The [first sale] doctrine was first recognized by the Supreme Court of the United States in 1908 (...). In the Bobbs-Merrill case, the publisher, Bobbs-Merrill, had inserted a notice in its books that any retail sale at a price under $1.00 would constitute an infringement of its copyright.

Sadly they won the biggest battle, except for open source 99.999% of all software is licensed through an EULA not copies sold like a book so you don't have any property rights to begin with. If you wanted to really restore the consumer-manufacturer balance the first thing you should do is create a "Digital Sales Act" that basically says if it walks, talks and quacks like a duck it's a duck. Once you start invalidating most shrinkwrap and clickwrap licenses then you can start talking consumer rights.

Comment Different level (Score 3, Insightful) 88

I suggest you read up on what sudo is capable off. You can easily setup sudo via its configuration file (/etc/sudoers) that will allow users that require elevated privileges (eg. Database and Web Administrators) to do their work without needing root access.

The parent poster was referring to a different approach to security.

with sudo, you set up a list of commands that a database or web admin can run.
you limit user access by restricting which commands the user can run. But said commands will be run with root privileges.
In case of a bug in the command, you could use it for privileges escalations (*you* were only restricted to run this command. but *this command* runs as root and could do anything).

what the parent refers to is more closely related to the various "CAP_*" capabilities used in the linux kernel.
i.e.: even if you run a command as root, that command would never, even in the case of a bug, reconfigure the network interface, because the corresponding CAP_{blah} capability isn't enabled.
By carefully crafting a very precise set of capabilities that you hand out to administrative programs, you make sure that they only do what they are supposed to do, even if an attacker manage to find a way to force a program running as root to do arbitrary actions.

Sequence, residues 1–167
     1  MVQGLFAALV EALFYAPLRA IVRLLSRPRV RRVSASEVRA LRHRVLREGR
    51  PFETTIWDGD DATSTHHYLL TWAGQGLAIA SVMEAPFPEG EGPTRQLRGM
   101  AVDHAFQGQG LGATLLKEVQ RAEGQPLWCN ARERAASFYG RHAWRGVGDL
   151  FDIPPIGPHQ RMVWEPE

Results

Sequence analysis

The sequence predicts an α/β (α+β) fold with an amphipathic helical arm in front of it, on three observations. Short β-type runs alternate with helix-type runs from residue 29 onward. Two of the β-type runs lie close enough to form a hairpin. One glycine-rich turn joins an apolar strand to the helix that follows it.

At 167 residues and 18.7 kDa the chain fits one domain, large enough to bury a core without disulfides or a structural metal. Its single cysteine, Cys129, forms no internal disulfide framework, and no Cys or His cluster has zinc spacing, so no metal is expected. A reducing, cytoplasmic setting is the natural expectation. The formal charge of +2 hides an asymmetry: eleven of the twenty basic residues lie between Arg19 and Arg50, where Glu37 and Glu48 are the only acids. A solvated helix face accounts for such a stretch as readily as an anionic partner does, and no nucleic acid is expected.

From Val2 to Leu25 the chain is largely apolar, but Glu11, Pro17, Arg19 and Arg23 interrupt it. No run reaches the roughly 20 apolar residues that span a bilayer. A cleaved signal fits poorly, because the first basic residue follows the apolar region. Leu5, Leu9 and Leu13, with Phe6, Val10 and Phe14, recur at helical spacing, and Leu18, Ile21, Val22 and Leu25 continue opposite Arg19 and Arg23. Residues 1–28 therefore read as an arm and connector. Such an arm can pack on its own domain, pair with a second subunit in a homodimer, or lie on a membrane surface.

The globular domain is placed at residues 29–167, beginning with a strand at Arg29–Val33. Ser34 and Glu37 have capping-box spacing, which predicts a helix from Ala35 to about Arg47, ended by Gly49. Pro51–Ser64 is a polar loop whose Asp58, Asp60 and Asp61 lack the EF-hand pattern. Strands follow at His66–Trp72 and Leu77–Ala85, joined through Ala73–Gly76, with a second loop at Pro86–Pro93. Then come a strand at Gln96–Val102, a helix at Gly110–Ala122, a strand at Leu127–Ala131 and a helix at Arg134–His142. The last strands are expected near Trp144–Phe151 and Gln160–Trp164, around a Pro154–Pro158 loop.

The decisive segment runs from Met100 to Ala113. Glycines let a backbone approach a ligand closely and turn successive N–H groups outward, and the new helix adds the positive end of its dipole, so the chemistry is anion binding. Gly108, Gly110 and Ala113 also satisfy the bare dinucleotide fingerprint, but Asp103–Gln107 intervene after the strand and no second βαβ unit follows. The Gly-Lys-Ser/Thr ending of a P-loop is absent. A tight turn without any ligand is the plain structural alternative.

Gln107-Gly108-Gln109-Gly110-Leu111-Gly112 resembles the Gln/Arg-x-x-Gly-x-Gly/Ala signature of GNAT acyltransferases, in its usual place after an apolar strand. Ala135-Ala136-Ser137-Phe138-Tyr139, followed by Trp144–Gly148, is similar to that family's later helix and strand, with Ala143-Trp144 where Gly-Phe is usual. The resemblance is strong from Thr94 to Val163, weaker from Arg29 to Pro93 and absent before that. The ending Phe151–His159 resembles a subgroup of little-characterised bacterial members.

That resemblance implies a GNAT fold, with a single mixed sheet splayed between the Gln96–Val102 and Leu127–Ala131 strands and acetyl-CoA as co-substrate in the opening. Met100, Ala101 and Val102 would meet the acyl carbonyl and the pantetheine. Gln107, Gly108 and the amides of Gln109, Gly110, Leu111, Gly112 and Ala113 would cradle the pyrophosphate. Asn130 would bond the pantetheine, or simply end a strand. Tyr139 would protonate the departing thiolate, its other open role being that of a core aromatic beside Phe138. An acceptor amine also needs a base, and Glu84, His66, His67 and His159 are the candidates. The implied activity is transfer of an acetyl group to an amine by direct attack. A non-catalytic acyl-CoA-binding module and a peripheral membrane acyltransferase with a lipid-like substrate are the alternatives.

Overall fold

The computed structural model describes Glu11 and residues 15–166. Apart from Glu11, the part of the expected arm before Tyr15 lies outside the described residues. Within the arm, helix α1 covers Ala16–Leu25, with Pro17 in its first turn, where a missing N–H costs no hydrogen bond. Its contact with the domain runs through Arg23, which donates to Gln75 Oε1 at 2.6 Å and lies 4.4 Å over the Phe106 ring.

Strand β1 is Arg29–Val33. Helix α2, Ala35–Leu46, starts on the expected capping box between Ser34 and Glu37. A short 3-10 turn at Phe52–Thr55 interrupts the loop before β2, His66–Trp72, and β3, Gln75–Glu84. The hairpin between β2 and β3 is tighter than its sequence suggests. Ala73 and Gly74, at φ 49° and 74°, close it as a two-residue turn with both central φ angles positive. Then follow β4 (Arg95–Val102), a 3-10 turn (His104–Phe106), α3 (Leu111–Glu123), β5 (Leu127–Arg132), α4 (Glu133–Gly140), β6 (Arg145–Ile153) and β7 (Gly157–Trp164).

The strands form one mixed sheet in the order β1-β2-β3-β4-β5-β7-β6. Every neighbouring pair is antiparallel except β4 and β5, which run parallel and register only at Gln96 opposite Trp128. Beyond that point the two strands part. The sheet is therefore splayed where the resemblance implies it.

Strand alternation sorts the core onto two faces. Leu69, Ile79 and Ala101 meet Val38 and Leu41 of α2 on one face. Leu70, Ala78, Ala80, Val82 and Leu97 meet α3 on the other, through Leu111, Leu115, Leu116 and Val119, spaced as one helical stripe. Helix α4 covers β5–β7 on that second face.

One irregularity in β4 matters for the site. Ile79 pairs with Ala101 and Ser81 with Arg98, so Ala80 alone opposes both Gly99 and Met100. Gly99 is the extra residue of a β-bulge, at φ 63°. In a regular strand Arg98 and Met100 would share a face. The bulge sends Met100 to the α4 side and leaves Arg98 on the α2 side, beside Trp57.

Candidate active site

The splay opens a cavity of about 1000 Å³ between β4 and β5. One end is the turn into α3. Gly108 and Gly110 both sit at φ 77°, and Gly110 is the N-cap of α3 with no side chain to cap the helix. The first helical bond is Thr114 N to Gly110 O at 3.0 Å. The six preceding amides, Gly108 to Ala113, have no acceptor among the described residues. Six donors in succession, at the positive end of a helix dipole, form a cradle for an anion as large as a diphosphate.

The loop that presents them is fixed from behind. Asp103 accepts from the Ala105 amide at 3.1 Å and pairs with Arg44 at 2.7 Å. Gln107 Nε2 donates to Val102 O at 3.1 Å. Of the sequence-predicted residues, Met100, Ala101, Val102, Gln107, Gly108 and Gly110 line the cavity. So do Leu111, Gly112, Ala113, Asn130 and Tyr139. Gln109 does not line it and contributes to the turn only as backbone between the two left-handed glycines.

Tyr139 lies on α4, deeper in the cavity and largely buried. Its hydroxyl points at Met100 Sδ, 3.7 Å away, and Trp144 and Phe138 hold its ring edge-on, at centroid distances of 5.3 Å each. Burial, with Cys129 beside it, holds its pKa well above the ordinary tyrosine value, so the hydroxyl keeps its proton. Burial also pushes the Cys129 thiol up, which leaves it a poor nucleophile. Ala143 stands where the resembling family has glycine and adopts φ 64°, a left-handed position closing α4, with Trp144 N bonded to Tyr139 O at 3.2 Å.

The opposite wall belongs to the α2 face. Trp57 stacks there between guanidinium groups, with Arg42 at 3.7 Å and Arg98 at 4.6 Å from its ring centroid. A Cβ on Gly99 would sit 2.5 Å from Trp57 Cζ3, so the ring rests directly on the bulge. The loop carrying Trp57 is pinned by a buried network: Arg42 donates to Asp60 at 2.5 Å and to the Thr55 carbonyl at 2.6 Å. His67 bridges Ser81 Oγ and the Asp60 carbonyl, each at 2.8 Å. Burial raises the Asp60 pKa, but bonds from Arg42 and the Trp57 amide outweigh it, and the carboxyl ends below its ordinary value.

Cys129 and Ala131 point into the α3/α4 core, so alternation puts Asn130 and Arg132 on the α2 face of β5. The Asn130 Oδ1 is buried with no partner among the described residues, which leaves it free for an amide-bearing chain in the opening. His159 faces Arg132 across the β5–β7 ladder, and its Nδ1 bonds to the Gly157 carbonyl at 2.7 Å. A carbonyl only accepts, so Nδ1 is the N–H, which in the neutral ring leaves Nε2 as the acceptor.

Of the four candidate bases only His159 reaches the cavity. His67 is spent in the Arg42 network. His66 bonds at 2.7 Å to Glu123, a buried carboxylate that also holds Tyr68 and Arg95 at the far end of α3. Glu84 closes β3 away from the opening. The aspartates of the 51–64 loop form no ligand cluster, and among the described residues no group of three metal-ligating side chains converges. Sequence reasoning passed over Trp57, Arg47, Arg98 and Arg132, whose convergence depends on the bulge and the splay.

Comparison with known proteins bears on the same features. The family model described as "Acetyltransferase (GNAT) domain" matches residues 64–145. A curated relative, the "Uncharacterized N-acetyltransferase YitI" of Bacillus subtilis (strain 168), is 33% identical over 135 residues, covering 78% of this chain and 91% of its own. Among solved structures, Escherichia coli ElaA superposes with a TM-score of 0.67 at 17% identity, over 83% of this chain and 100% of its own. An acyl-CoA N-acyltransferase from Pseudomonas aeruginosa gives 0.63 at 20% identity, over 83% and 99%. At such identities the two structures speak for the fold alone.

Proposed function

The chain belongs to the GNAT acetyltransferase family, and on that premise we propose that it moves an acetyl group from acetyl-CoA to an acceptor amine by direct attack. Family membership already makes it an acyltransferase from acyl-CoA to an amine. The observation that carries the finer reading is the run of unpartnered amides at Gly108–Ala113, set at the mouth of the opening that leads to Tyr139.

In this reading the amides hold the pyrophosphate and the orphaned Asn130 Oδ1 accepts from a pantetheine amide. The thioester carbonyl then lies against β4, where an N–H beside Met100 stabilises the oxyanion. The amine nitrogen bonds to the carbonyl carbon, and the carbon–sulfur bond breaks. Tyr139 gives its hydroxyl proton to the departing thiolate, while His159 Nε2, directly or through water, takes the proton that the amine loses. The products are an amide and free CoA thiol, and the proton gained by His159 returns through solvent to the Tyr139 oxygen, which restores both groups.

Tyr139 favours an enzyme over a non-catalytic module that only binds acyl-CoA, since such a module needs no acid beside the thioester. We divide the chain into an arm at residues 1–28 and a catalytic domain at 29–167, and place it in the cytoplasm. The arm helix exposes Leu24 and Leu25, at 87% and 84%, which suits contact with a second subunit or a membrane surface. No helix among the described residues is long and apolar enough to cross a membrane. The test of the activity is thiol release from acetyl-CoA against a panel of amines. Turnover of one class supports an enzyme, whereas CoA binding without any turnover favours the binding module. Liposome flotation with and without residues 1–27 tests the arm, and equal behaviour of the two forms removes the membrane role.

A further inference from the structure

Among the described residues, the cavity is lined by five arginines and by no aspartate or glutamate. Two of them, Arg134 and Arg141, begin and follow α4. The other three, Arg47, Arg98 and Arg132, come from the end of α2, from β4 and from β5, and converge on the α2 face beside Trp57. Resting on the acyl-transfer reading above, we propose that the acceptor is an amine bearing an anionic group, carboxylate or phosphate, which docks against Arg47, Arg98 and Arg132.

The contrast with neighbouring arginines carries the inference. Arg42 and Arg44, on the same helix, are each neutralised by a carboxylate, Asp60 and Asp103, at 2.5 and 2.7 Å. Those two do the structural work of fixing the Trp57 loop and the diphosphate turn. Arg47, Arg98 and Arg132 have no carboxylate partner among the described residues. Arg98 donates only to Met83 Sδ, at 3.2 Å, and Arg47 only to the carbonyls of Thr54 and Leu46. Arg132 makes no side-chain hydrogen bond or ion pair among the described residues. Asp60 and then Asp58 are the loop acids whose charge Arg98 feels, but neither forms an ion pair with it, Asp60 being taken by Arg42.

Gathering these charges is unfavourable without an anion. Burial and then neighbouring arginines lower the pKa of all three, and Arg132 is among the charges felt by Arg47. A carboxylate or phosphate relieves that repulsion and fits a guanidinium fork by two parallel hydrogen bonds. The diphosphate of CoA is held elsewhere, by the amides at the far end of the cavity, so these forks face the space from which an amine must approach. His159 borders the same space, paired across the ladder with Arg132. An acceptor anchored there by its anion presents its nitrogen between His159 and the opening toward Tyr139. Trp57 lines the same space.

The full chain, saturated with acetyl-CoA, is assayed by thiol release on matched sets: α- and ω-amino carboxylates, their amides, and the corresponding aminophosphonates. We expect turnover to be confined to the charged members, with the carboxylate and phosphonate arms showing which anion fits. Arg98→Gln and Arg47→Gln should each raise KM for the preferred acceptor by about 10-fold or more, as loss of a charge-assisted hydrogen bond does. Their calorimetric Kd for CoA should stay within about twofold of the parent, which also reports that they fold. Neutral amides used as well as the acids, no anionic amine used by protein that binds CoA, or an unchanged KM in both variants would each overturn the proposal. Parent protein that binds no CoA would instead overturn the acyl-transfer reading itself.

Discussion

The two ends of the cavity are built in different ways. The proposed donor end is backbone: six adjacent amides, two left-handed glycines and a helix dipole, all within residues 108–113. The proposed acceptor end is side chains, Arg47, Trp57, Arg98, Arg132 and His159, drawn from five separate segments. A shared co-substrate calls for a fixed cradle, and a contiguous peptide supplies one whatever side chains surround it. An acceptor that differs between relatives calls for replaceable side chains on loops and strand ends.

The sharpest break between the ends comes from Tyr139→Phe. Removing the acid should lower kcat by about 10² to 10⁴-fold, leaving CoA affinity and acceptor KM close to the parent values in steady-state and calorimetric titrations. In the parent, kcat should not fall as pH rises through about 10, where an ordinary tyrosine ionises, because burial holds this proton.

(It's a bit similar like how some smartphone apps come with a whitelist of API calls that you need to validate before installing : "can access your contacts list", "can access your webcam", etc. Even if the weather app get hacked, it can never be used to spy on you, because it's not whitelisted to access your mic and your cam... Well except that nowadays every single last app seems to be obliged to ask access for nearly anything (Hey, now your Weather app can automatically recognise the city you're travelling into simply by flashing the QR code of your travel ticket ! Needs cam privileges !).
Under Linux the same granularity exists, except that this done at the kernel API level, instead of the Java user libraries like on Android)

In the past few years Windows has been implementing similar restrictions. That's what the poster was referring to.

On Linux, the facility to apply this king of control exist in the kernel too (the various capabilities). But there aren't many software using them. I only know of SELinux and AppArmor. And they are not used system-wide, but only to put specific software into cages (those software for which they have rulesets).

I think this is dues to the fact that the basic user/group access rights of Unix can provide already quite some security if you take the time to organise enough granularity in your groups and memberships, instead of making everything restricted to root-only and needing thus to be root for nearly any action.

(Because of the Unix philosophy, lots of things are represented in unix as files. Therefore, lots of the actions controlled by capability can be mapped to file accesses (e.g.: to device files in /dev/ ). Putting correct group access on files can acheive the same results.
e.g.: a virtual machine might need USB passthrough. One way would be to grant the corresponding capability to it.
The way VirtualBox does it, is that it runs as "vbox" goup, and there's a script that hands out USB devices nodes with that as group access)

In practice, distributions such as Debian have been using tons of specific groups to control access to specific resources precisely, years before SELinux was a thing.

Comment IPv6 benefits (Score 1) 51